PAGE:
Helen Bright Clark

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Helen Bright Clark (1840–1927)[1] was a British women's rights activist and suffragist. The daughter of a radical Member of Parliament, Clark was a prominent speaker for women's voting rights and at times a political realist who served as a mainstay of the 19th century suffrage movement in South West England.[2] A liberal in all senses,[1] Clark aided progress toward universal human brotherhood through her activities in organisations which assisted former slaves and aboriginal peoples.

Early life[edit]

In 1840, Clark was born Helen Priestman Bright in Rochdale, Lancashire, England to Quakers Elizabeth Priestman Bright and future Privy Council member, statesman John Bright. Clark's mother soon sickened and then died of tuberculosis in September 1841.[1] John Bright's sister, Priscilla Bright, later Priscilla Bright McLaren, took the place of the mother and served an influential role in raising Clark.[3] Six years after her mother's death, Clark's father remarried, eventually having seven more children including John Albert Bright and William Leatham Bright.

As Helen Bright, Clark attended the Quaker school in Southport, under the tutelage of Hannah Wallis—this was the same school attended by her aunt Priscilla under the instruction of Wallis' mother.[1] In 1851, aunt Priscilla bore a daughter Helen Priscilla McLaren.

Women's suffrage[edit]

The Brights held in their house copies of essays written by John Stuart Mill, and young Helen Bright became especially interested in Mill's advocacy of the "enfranchisement of women"—the idea that the right to vote should be extended to women. In 1861 she wrote to her step-cousin Agnes McLaren, "how absurd to talk of repression and taxation going hand in hand, and all the while excluding wholly the one half of the population from the franchise."[1] In 1866 as Helen Bright she signed the "Ladies' Petition" on suffrage being circulated by Elizabeth Garrett and Emily Davies, as did her former teacher Hannah Wallis. The petition with its 1,499 signatures was presented by Mill to the House of Commons in June 1866.[4] Later that year, Helen Bright married William Stephens Clark (1839–1925) of Street, Somerset.[1] William Clark was a liberal Quaker, the owner of a shoe factory, and member of a family friendly to the idea of women's rights: his sister and niece had also signed the suffrage petition.[1]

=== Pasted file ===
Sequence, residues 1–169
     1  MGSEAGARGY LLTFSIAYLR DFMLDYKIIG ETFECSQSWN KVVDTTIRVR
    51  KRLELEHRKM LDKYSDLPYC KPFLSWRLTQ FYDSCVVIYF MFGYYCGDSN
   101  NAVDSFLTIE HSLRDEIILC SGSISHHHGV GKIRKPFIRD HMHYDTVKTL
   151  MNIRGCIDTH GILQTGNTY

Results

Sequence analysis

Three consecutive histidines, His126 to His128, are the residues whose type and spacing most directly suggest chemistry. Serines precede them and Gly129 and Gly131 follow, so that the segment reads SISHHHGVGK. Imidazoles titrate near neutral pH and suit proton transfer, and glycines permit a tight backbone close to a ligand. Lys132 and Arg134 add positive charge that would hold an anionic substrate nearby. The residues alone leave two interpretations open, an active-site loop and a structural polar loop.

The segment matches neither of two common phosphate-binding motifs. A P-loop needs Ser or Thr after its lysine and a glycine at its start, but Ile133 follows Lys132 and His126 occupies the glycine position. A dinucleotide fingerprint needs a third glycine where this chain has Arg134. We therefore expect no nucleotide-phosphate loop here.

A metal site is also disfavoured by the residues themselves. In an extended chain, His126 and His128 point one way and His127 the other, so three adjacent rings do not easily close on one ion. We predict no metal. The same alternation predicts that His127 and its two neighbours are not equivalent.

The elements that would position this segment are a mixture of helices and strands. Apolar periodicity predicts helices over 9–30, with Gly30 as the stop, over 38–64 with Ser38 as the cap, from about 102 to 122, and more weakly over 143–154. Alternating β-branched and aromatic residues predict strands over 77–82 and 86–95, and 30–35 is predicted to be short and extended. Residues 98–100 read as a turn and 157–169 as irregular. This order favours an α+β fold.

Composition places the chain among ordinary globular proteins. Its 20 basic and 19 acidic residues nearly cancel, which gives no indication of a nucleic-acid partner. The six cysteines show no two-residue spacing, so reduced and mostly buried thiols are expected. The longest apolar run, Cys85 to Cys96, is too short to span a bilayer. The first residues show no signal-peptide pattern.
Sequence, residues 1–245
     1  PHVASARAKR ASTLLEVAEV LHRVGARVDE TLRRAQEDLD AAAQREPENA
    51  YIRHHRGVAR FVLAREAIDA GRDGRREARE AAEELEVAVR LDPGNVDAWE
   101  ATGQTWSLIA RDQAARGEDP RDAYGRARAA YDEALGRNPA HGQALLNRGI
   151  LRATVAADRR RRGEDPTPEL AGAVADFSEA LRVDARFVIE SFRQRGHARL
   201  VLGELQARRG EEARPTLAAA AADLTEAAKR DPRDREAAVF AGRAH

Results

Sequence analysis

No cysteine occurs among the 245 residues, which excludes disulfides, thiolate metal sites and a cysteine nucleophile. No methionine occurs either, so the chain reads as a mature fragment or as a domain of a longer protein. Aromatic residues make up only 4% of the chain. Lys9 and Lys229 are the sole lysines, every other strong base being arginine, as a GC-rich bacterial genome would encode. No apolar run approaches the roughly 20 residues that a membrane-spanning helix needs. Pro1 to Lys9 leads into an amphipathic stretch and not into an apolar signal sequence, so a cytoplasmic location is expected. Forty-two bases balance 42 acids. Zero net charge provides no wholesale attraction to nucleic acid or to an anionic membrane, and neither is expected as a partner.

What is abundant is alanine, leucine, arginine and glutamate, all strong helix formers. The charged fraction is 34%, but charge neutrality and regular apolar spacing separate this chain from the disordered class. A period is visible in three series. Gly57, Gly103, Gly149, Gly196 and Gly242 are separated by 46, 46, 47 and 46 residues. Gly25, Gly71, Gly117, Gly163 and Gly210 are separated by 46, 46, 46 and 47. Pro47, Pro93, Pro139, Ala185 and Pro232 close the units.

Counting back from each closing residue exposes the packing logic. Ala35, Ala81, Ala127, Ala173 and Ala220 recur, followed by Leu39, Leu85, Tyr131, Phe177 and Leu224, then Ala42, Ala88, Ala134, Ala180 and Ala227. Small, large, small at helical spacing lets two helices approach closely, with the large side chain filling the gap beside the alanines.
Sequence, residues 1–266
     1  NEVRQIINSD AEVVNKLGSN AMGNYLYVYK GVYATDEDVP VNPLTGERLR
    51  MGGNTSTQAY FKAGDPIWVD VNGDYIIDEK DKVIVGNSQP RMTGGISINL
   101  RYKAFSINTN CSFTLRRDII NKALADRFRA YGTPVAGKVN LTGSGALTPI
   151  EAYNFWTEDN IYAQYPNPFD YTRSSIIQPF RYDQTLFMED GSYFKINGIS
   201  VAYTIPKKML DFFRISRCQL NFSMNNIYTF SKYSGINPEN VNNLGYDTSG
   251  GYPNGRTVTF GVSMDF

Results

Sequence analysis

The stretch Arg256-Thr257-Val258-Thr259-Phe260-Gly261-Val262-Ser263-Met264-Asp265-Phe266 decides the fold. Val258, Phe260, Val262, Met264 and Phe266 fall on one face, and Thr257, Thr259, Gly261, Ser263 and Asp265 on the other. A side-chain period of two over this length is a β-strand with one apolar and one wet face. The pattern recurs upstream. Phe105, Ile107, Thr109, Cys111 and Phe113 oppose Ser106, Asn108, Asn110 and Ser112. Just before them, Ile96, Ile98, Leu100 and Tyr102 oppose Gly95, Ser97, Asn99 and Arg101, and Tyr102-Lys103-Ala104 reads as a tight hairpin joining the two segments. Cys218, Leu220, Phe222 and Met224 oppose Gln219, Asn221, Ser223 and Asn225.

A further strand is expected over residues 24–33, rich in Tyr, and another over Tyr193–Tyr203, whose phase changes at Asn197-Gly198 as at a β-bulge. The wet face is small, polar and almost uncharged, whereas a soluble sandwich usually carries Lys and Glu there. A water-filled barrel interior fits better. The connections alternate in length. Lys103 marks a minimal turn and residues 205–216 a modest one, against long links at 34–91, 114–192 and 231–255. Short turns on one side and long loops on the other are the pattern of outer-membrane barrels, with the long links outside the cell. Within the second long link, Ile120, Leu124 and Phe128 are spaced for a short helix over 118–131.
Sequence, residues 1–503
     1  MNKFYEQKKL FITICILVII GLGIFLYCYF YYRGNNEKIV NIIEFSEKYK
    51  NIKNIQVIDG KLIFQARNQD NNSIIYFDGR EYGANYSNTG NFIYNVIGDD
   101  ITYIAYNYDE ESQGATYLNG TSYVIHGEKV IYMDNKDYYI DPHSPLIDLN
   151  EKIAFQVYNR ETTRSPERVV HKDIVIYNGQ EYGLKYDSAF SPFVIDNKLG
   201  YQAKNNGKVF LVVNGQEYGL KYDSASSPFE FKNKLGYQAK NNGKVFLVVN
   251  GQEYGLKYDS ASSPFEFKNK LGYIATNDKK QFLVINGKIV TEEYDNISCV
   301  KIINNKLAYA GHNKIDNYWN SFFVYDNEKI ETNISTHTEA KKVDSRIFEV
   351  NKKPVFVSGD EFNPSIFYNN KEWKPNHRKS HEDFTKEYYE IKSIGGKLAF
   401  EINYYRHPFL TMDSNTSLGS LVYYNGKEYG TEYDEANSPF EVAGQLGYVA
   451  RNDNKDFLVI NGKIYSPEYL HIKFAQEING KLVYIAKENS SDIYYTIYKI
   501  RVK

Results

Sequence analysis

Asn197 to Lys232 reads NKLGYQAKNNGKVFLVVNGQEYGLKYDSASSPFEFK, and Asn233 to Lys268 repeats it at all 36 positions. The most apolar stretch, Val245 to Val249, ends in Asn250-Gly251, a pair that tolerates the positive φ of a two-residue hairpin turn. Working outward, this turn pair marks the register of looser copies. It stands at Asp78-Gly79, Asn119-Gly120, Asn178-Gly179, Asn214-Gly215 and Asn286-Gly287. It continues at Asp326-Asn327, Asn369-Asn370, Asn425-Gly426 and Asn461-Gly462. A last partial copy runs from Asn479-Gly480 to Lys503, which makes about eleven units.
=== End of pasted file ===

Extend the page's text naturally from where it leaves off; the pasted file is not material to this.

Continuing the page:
Clark joined the Enfranchisement of Women Committee in 1866–67 and in 1870 was a member of the Manchester National Society for Women's Suffrage.[1] Clark spoke publicly for the first time in 1872, giving a lecture in Taunton during a meeting organised by the Bristol and West of England National Society for Women's Suffrage. In her speech, she questioned the irony "that though it was perfectly right for a woman to dance at a public hall, the moment she ventured upon a public platform to advocate public peace, morality and justice, she was stepping out of her sphere."[1]

On 9 March 1876 in the Victoria Rooms, Clifton, Bristol, Clark spoke strongly for the removal of the voting disabilities of women, in support of a parliamentary bill to that end introduced by a Mr. Forsyth. On 26 April, Clark's father John Bright, MP, spoke in the House of Commons against the bill, saying that "The Bill seems to be based on a proposition that is untenable ... it is a Bill based on an assumed hostility between the sexes."[5]

On 23 January 1879 at Bristol, Clark gave a stirring speech for suffrage that was later printed and distributed as a four-page pamphlet. She noted that the struggle for women's suffrage was looked upon by many "as chiefly of a sentimental character"[6] and that the over-riding "question of peace or war is to the front."[6] Clark argued that women's political power should be called upon to advocate for peace and to allow society forward progress. Of the Parliamentary franchise, she said,

Clark appeared in 1881 in front of the Bradford Demonstration for Women.[1]

Liberal convention at Leeds, 1883[edit]